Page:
This story was very much in the news when Gus Allen reached Belfast, as his visit coincided with Magennis finally being honoured in his home city of Belfast. The Lord Mayor, who was both a Protestant and an Orangeman, said how proud he was to honour this brave Catholic. Magennis's old CO, Lt. Ian Fraser, VC was present at the ceremony. But how sad that this should only happen years after the death of a very brave man. It all made for a most unusual DDH.
For the main talk, the Society was delighted to welcome Professor Andre Wessels from the Department of History at The University of the Free State. He had traveled down from Bloemfontein especially for the meeting, and although he is a Life Member of the Society, this was the first time he had addressed us. His talk was entitled The Afrikaners at War, and he gave us a very fair, even-handed, "warts and all" review of the Afrikaners resources, experience and employment during the Anglo-Boer War of 1899 - 1902.
The Anglo-Boer War of 1899 to 1902 was a watershed event in the history of South Africa. For the Afrikaners it was, for several decades, an event of overwhelming proportions and importance - indeed, together with the Great Trek of the 1830's it was the most epoch-making event in their history.
There was (and is) no typical Afrikaner. Afrikaners reacted in different ways to the war; some were driven by a patriotic sense of duty, but most of them did not look forward to waging war - they went on commando, because by law they were obliged to do so. The stereotyped view of the Atikaner at war usually centres around the "bittereinders" (bitter-enders; i.e. those who fought to the bitter end when they lost their independence in May 1902) on the one hand, and on the other hand the hands-uppers (those who surrendered voluntarily); and joiners (those who in due course took up arms on the side of the British against their fellow Afrikaners). In practice, the picture was much more complicated. There were degrees of Afrikaner participation and those who went on commando varied from "takhare" (hillbillies) to the Cambridge-educated Jannie Smuts and London-educated M T Steyn.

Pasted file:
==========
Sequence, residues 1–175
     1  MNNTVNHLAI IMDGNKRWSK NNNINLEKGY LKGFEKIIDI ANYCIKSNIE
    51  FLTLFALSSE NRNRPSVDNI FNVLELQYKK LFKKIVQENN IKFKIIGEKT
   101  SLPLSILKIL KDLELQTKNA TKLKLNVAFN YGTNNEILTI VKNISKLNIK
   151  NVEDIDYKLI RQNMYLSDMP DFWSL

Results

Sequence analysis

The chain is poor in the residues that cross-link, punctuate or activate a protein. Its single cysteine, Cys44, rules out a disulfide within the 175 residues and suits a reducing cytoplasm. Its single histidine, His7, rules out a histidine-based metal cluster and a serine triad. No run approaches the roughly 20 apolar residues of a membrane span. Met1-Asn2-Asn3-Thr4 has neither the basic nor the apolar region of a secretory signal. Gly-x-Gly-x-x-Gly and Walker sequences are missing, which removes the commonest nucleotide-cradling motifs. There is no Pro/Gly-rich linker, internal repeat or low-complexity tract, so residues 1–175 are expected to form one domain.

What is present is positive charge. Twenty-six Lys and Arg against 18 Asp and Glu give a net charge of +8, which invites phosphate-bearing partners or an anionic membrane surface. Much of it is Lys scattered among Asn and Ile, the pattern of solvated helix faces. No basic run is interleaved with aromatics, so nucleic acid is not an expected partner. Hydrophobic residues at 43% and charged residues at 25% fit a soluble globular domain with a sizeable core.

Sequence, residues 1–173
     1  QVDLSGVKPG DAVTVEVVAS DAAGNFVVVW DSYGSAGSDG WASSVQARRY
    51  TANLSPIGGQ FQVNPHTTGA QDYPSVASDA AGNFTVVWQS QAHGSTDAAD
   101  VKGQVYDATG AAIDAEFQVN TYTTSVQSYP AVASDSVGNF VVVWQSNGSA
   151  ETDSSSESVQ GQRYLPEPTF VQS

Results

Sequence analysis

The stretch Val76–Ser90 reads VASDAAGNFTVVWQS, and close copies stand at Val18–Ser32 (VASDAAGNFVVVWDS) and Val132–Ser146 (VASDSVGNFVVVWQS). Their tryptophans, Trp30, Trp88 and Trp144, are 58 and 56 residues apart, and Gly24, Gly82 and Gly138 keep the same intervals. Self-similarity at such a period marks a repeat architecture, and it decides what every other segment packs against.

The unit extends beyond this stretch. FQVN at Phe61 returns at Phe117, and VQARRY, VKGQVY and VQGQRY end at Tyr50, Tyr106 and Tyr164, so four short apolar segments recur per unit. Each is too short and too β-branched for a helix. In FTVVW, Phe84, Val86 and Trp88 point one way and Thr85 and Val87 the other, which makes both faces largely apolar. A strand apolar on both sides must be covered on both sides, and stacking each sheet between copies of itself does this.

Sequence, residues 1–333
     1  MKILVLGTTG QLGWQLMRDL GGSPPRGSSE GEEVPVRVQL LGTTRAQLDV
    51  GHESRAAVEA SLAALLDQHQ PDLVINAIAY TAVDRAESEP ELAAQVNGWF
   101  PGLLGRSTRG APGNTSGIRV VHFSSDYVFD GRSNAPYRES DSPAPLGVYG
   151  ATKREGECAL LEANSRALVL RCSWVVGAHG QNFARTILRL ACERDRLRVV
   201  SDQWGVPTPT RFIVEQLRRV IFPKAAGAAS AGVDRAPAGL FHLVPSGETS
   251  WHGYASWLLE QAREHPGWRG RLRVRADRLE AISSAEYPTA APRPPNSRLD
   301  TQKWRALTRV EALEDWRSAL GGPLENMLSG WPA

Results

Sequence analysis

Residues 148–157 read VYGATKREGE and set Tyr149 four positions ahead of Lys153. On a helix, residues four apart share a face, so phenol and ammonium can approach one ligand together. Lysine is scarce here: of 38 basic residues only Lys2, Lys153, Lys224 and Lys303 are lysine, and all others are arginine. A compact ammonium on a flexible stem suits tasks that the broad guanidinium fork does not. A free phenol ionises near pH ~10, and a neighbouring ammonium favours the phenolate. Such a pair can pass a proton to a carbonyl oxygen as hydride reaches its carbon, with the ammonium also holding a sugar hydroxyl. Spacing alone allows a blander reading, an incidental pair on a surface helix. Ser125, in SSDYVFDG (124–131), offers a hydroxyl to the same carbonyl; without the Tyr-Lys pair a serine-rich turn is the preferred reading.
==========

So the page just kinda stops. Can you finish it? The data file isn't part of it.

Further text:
When the war broke out on 11 October 1899, approximately 52 500 Transvaalers and 22 500 Free Staters were eligible for military service. They were organised in a commando system that was decentralised and democratic. Officers were democratically elected, and consequently not always selected on military merit. Both republican presidents influenced military decisions. After Paul Kruger went into exile in October 1900, M T Steyn became the soul of the Afrikaners' continued resistance.
The Boers did not plan well for the war and in October 1899 an improvised strategy was implemented. The following factors determined their strategy; the desire to safeguard their independence; the influence of the Transvaal War of Independence (1880-1881); religious motivations; the position of the Cape Colony; and the size, deployment and expected strategy of the British forces. The Boers did not invade the Cape Colony and Natal on a large scale. Instead of - to use terms from the Second World War - a "Blitzkrieg", there would be a "Sitzkrieg" in the vicinity of Ladysmith, Kimberley and Mafikeng, and the British were allowed to regain the strategic initiative.